Wings and the Child

By E. Nesbit, 1913
Wings and the Child

Summary

Download Wings and the Child by E. Nesbit for iPhone, iPad, Nook, Android, and Kindle in PDF and all popular eBook reader formats (AZW3, EPUB, MOBI).

Book download options

iPhone/iPad

FormatPriceSelect
EpubFree

Android

FormatPriceSelect
MobiFree
EpubFree

Kindle

FormatPriceSelect
azw3Free
MobiFree

PC

FormatPriceSelect
pdfFree

Excerpt

Of Understanding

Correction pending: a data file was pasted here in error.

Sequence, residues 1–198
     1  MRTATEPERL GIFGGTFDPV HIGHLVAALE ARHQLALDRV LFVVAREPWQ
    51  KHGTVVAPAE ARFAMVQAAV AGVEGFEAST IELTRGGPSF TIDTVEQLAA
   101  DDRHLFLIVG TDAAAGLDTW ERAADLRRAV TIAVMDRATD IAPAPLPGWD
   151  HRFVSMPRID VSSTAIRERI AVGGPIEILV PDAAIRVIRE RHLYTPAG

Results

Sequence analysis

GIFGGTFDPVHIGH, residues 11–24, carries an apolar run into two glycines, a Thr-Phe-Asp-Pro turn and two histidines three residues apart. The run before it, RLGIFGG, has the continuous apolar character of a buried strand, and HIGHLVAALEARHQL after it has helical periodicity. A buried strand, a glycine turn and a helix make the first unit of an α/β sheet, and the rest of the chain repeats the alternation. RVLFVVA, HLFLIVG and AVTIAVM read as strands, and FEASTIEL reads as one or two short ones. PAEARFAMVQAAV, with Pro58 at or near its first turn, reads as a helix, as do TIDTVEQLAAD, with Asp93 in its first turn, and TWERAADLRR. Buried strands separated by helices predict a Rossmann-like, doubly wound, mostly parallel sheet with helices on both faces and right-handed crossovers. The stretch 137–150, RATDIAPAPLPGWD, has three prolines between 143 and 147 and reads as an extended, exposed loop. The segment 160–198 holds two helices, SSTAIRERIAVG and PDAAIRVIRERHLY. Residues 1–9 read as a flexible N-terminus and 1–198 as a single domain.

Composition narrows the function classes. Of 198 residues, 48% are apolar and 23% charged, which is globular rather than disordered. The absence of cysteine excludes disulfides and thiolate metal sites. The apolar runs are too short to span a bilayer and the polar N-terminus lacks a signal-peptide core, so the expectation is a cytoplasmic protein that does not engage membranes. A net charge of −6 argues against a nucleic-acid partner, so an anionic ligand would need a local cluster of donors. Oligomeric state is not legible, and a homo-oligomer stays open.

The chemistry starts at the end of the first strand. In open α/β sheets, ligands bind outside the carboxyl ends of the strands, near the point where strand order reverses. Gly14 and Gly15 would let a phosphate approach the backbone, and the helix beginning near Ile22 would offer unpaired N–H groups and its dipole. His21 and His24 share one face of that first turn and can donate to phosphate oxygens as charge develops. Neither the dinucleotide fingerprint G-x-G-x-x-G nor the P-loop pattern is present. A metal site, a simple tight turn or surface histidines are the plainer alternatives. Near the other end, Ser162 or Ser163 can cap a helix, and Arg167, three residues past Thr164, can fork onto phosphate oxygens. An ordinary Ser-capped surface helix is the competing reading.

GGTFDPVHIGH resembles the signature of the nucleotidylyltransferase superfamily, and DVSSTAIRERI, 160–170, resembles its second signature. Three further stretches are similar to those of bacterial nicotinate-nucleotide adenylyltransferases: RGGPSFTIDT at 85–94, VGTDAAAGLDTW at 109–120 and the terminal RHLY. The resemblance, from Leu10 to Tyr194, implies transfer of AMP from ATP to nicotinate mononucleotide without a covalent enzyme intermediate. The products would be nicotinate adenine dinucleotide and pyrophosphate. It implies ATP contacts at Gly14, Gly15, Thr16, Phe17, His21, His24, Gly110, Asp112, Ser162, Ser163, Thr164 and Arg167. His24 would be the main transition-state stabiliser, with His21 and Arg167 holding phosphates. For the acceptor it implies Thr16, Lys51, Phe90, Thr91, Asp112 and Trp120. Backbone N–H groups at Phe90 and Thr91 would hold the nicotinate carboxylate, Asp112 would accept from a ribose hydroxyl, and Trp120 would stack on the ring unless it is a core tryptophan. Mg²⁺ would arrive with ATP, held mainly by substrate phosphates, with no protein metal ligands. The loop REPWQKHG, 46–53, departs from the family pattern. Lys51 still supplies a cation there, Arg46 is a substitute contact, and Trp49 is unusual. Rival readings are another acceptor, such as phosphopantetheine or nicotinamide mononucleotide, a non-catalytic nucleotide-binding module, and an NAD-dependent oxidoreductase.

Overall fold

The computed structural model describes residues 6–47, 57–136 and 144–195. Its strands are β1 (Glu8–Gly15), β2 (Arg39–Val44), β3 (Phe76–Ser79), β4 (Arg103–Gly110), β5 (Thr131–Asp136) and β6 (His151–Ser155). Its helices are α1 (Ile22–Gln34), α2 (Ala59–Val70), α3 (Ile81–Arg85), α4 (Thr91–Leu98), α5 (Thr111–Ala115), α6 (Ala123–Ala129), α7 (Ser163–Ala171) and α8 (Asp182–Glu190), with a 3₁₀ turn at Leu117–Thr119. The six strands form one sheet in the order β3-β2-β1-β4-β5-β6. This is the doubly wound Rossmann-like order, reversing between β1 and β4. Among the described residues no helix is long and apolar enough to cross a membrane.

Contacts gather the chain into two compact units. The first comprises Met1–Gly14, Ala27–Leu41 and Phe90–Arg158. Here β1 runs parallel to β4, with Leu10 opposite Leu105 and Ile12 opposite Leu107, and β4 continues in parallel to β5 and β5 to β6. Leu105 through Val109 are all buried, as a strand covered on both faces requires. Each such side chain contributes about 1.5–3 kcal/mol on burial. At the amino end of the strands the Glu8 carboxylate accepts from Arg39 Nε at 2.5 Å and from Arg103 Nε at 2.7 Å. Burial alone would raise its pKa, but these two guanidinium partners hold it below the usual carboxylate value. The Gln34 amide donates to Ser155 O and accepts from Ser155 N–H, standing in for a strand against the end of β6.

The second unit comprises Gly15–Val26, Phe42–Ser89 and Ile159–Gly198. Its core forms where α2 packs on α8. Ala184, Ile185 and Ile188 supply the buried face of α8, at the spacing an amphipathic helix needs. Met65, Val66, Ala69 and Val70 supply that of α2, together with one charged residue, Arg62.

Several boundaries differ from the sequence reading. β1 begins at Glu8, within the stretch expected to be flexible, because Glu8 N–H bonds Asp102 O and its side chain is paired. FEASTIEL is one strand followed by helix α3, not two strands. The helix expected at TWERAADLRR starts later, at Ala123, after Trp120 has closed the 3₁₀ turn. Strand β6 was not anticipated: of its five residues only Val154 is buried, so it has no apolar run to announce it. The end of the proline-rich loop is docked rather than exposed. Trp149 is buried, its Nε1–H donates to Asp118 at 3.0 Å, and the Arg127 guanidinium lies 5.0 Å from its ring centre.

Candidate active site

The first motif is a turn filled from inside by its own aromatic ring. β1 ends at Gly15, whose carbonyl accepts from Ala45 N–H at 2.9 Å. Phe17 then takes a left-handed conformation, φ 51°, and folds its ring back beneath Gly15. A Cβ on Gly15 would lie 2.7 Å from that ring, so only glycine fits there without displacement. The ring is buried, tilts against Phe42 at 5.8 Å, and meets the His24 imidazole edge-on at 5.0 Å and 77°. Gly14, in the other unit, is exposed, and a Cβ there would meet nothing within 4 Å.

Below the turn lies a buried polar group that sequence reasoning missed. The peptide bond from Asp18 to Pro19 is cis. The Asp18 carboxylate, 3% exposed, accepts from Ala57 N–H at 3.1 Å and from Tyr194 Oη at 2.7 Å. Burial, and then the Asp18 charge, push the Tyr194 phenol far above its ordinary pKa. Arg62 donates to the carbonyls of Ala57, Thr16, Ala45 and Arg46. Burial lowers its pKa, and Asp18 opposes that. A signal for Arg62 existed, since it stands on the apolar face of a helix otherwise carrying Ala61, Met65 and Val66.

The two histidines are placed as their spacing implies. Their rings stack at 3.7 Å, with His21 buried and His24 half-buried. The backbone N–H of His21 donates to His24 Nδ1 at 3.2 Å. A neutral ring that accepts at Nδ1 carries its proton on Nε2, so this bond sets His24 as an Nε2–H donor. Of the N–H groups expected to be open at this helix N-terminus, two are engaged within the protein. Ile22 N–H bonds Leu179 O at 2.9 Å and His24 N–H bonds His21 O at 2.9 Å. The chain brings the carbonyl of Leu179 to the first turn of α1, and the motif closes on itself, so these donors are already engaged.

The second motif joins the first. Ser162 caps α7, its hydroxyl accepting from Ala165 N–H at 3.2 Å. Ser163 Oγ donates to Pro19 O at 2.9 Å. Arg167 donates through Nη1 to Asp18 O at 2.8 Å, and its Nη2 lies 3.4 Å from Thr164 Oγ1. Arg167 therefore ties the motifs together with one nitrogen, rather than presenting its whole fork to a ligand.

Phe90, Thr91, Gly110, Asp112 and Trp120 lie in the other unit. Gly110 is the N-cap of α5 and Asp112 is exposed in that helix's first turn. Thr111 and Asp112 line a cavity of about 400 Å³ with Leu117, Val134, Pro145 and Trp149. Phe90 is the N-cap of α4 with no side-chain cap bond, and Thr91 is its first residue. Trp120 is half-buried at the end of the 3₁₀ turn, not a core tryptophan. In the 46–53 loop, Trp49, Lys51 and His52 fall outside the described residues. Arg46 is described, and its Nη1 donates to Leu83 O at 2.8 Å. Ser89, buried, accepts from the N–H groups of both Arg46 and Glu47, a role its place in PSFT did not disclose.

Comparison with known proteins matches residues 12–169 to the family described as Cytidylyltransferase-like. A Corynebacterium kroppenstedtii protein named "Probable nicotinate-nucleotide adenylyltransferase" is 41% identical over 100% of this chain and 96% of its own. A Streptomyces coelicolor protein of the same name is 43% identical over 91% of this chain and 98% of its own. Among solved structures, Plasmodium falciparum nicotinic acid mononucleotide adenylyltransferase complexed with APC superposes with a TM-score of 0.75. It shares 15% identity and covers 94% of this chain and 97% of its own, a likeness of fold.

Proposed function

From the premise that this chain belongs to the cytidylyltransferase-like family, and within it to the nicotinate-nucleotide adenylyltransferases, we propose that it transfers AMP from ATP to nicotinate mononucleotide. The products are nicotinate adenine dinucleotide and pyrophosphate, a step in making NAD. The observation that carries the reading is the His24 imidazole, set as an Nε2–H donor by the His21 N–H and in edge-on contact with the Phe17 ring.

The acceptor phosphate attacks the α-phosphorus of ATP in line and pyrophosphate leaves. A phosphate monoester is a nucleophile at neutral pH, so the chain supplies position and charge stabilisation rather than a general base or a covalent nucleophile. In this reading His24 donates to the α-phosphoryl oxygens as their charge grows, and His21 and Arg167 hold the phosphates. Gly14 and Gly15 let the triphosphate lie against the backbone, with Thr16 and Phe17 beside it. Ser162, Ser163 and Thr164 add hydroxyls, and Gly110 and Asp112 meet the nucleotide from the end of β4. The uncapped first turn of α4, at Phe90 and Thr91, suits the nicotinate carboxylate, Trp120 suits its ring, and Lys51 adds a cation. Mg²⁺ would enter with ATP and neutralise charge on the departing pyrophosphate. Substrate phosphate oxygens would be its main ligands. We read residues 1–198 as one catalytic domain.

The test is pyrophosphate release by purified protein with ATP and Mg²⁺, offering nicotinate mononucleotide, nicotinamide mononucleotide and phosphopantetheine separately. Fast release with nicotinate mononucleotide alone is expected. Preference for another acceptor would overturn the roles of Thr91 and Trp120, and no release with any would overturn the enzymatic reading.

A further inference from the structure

It is not with any pretension to special knowledge of my subject that I set out to write down what I know about children. I have no special means of knowing anything: I do, in fact, know nothing that cannot be known by any one who will go to the only fount of knowledge, experience. And by experience I do not mean scientific experience, that is the recorded results of experiments, the tabulated knowledge wrung from observation; I mean personal experience, that is to say, memory. You may observe the actions of children and chronicle their sayings, and produce from these, perhaps, a lifelike sketch of a child, as it appears to the grown-up observer; but observation is no key to the inner mysteries of a child's soul. The only key to those mysteries is in knowledge, the knowledge of what you yourself felt when you were good and little and a child. You can remember how things looked to you, and how things looked to the other children who were your intimates. Our own childhood, besides furnishing us with an exhaustless store of enlightening memories, furnishes us with the one opportunity of our lives for the observation of children—other children. There is a freemasonry between children, a spontaneous confidence and give-and-take which is and must be for ever impossible between children and grown-ups, no matter how sympathetic the grown-up, how confiding the child. Between the child and the grown-up there is a great gulf fixed—and this gulf, the gulf between one generation and another, can never be really bridged. You may learn to see across it, a little, or sometimes in rare cases to lean very far across it so that you can just touch the tips of the little fingers held out from the other side. But if your dealings with those on the other side of the gulf are to be just, generous, noble, and helpful, they must be motived and coloured by your memories of the time when you yourself were on the other side—when you were a child full of your own hopes, dreams, aims, interests, instincts, and imaginings, and over against you, kindly perhaps, tenderly loving, often tenderly loved, but still in some mysterious way antagonistic and counting as "Them," were the grown-ups. I might say elders, parents, teachers, spiritual pastors and masters, but the word which the child himself uses seems to me, for all reasons, to be the best word for my use, because it expresses fully and finally the nature of the gulf between. The grown-ups are the people who once were children and who have forgotten what it felt like to be a child. And Time marks with the same outward brand those who have forgotten and those who do not forget. So that even the few who have managed to slip past the Customs-house with their bundle of memories intact can never fully display them. These are a sort of contraband, and neither the children nor the grown-ups will ever believe that that which we have brought with us from the land of childhood is genuine. The grown-ups accuse us of invention, sometimes praise us for it, when all we have is memory; and the children imagine that we must have been watching them, and thus surprised a few of their secrets, when all that we have is the secrets which were our own when we were children—secrets which were so bound up with the fibre of our nature that we could never lose them, and so go through life with them, our dearest treasures. Such people feel to the end that they are children in a grown-up world. For a middle-aged gentleman with a beard or a stout elderly lady with spectacles to move among other elderly and spectacled persons feeling that they are still children, and that the other elderly and spectacled ones are really grown-ups, seems thoroughly unreasonable, and therefore those who have never forgotten do not, as a rule, say anything about it. They just mingle with the other people, looking as grown-up as any one—but in their hearts they are only pretending to be grown-up: it is like acting in a charade. Time with his make-up box of lines and wrinkles, his skilful brush that paints out the tints and the contours of youth, his supply of grey wigs and rounded shoulders and pillows for the waist, disguises the actors well enough, and they go through life altogether unsuspected. The tired eyes close on a world which to them has always been the child's world, the tired hands loose the earthly possessions which have, to them, been ever the toys of the child. And deep in their hearts is the faith and the hope that in the life to come it may not be necessary to pretend to be grown-up.